Community can be defined so many different ways. A group of people with common stories, struggles, or experiences. Sharing a common place or interest. Community could be substituted for tribe, fraternity, fellowship, group, communion, connection, network, social system, etc. So, how many communities are you part of? More importantly, does your gifted child fit in your local community?
“If your child marches to a different beat, a different drummer, you might just have to go along with that music. Help them achieve what’s important to them.” – Sonia Sotomayor
Often, gifted individuals do not always fit. The description of the square peg and round hole is another analogy comparable to the above-quoted reference to a different drummer. Sometimes it takes time for us to find our “tribe.” It is easier for us as adults because we have had more time. But, for some gifted children they need more support. Even some gifted adults need support. And, in some communities parents of gifted need support too. Have you found gifted support in your community for your child or for you as a parent of a gifted child? It is important that we support our society’s gifted children for who they are and help them achieve their goals.
It is important that we support our child’s need for community. And, it is important that we as parents of gifted support our own need for community. Sadly, many have no clue on where to find that community. Not every campus has gifted classes or programs or parent support groups. Not every district has SENG support groups. Many parents are told their child is gifted but then nothing else. Some parents find out about their child’s giftedness through private doctors and do not know how to navigate the educational system. Thus, it is critical that those of us who have found supportive gifted community spread the word.
I admit, as a trained school psychologist, I was not told much about gifted education or gifted support groups. I learned as a parent and by coincidence. The assistant principal who was also the gifted coordinator was going through training for gifted certification and happened to use our son as an example in a discussion. The presenter gave her the name of Texas Parents of Profoundly Gifted (TPPG) and instructed her to have us apply. That Monday, she gave me a personal note with a name, website, and email address. I was floored! The application was completed and sent off within the week. And, I treasure the support we have received and continue to receive from them. But, I got lucky. Some parents aren’t that lucky.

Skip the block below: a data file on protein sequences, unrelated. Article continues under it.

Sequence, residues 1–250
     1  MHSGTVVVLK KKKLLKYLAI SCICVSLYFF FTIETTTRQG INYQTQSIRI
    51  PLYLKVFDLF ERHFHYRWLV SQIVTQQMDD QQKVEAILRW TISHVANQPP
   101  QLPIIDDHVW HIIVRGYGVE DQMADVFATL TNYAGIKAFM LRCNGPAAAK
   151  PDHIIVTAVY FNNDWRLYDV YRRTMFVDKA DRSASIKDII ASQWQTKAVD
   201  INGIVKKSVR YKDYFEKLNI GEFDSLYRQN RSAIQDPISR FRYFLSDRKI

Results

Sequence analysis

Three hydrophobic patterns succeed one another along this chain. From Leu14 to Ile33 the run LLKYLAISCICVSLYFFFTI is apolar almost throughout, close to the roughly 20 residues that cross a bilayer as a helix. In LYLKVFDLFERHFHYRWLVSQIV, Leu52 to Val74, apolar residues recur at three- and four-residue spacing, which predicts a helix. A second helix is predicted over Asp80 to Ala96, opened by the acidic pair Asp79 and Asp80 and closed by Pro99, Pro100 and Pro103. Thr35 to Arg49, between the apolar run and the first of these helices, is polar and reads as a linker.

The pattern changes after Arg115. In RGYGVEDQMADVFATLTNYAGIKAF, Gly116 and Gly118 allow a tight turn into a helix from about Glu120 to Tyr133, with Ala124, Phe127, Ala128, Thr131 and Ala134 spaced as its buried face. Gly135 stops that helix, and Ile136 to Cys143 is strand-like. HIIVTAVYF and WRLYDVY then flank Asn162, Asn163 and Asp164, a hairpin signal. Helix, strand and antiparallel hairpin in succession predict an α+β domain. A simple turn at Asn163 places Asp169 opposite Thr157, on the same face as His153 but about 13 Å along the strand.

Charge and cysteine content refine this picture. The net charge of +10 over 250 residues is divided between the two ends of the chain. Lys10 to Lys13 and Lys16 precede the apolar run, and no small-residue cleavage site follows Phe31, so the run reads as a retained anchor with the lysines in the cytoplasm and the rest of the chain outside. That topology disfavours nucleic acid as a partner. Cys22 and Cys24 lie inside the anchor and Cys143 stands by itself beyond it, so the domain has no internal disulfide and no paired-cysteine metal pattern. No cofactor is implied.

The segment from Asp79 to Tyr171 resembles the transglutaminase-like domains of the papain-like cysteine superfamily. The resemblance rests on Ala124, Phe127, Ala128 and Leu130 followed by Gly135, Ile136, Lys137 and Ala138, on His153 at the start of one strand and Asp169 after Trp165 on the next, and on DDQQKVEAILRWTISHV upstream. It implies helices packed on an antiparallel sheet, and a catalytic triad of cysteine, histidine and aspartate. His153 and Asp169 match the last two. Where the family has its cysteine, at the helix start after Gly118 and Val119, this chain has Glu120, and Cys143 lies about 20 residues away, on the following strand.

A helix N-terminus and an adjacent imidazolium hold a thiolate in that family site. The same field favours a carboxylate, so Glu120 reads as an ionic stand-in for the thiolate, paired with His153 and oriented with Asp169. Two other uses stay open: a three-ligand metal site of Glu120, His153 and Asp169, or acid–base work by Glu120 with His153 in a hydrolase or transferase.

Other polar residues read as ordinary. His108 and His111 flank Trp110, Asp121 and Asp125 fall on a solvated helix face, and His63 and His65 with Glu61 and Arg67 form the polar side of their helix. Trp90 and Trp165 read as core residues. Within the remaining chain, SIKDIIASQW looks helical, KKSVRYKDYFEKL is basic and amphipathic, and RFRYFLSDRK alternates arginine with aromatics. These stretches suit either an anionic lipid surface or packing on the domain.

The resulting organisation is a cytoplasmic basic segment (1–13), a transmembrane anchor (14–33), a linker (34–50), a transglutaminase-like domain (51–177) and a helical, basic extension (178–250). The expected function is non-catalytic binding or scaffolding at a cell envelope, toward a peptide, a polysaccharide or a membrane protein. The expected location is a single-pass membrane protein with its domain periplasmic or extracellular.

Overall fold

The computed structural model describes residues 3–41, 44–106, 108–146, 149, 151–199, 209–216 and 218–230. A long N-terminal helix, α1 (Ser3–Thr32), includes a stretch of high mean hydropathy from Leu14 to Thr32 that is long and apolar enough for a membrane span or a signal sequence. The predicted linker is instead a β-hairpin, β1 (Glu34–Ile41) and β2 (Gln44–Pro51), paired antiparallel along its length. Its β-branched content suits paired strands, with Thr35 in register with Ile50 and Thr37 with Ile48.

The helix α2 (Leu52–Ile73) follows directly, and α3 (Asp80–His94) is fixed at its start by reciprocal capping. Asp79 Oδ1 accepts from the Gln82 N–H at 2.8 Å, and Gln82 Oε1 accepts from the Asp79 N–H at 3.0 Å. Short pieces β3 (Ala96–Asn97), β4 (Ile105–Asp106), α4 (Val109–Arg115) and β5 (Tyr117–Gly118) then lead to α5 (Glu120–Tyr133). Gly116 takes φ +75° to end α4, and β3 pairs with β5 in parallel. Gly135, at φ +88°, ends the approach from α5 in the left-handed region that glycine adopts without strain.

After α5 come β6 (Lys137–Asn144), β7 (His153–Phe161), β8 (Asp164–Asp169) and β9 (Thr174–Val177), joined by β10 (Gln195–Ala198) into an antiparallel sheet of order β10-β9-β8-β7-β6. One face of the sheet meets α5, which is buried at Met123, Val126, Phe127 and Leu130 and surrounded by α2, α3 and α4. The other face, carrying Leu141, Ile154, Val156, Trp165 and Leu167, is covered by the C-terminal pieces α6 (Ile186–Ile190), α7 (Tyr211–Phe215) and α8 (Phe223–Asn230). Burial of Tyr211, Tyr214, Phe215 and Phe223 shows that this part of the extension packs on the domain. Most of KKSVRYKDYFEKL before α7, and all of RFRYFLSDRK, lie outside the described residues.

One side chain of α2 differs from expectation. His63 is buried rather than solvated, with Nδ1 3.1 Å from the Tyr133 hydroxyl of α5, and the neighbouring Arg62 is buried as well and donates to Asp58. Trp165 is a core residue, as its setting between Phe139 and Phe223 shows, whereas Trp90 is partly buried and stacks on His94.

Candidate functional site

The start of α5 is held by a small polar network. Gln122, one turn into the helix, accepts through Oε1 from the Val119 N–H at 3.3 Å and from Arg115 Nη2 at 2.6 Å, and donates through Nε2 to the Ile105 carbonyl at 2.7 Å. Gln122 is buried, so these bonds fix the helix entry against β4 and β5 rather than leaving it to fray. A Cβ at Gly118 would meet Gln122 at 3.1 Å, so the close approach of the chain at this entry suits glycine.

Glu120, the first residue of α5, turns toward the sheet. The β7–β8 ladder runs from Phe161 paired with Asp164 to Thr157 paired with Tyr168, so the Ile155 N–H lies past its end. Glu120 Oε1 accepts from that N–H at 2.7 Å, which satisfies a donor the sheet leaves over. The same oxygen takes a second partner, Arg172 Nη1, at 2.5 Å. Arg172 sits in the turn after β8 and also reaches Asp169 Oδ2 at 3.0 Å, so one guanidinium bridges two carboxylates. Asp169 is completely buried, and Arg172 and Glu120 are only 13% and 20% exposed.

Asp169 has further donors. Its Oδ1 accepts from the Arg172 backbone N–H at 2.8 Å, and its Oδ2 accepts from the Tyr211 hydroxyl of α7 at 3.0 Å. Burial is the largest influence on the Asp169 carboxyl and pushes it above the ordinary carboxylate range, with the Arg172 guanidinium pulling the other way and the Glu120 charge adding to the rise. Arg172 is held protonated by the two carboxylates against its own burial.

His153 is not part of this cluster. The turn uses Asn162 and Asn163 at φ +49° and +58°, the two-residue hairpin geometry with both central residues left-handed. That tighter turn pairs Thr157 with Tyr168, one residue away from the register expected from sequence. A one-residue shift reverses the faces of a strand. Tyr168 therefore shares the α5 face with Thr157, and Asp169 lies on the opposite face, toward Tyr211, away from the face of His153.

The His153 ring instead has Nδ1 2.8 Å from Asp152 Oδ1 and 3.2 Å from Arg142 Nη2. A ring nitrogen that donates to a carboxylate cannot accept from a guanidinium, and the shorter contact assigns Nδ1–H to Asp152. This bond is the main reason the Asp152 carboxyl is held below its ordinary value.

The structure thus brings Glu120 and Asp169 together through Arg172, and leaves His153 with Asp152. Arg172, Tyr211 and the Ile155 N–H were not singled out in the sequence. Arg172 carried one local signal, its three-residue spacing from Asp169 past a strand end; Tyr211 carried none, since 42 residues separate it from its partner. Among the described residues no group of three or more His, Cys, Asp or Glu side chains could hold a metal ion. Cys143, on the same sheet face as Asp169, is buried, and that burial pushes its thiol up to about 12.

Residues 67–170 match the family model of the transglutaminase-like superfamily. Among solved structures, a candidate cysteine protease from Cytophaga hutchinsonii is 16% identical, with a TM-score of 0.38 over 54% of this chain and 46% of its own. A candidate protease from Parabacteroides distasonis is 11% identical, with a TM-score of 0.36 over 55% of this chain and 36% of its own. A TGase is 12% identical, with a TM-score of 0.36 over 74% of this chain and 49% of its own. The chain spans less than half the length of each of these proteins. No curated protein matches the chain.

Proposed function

If you can’t find a local support community then you need to turn online. I admit that in addition to a state level support from TPPG, I have many online gifted support communities. Hoagies’ Gifted has an extensive list of gifted online support covering blogs, social networking sites, podcasts, mailing lists and more. You do not have to be on Facebook to find online support. There are mailing lists and blogs. And, there are even gifted camps and retreats. If you are on Facebook, search the terms gifted or Mensans or poppies and you’ll find groups. Although many schools do not know of these groups, hopefully, those of us in the gifted community will continue to share our resources for the better of our greater community.
Here are some great places for finding a gifted community:
- PG Retreat
- Davidson Young Scholars (DYS)
- Supporting Emotional Needs of the Gifted (SENG)
- Duke TIP
- Northwestern University’s Center for Talented Development (CTD)
- Stanford Univeristy Education Program for Gifted Children (EPGY)
- John Hopkins Center for Talented Youth (CTY)
- National Association for Gifted Children
- Families of the Talented & Gifted
- Gifted Homeschoolers Forum
- Athena’s Advanced Academy
- Summer Institute for the Gifted (SIG)
- Mensa for Kids
The organizations listed above are not exhaustive. However, for a parent who knew of no support or very little, this will hopefully help you find a community for you and your child. In addition, the above organizations could also be helpful to schools in informing students or parents. If you are looking for summer gifted programs, then check out the lists given by Hoagies’ and Davidson as they have extensive lists. I know the school year is now starting, but you can use these lists to help for planning and budgeting for next summer.
Additional reads on Community:
- A Kid’s Guide to Building Great Communities from the Canadian Institute of Planners
- The Psychology of Communities: 4 Factors That Create a Sense of Community from David Spinks
- Promoting Gifted Education in Your Community from Kristen Stephens
- How Finding the Right Community Can Help Your Creativity from Jory Mackay
- Goodreads book list on the issues of giftedness from the Gifted Children and Adults: Finding A Community group
- World Council for Gifted and Talented Children has an international list of organizations and conferences
- Center for Parent Information and Resources has an interactive map to find a center in your state
This blog article is part of the Hoagies’ Gifted Education Page Blog Hop on “Community.” I thank my friends at Hoagies’ Gifted Education Page and elsewhere for their inspiration, support, and suggestions.
Please click on the graphic below (created by Pamela S Ryan–thanks!) to see the other Hoagies’ Blog Hop participants, or cut and paste this URL into your browser: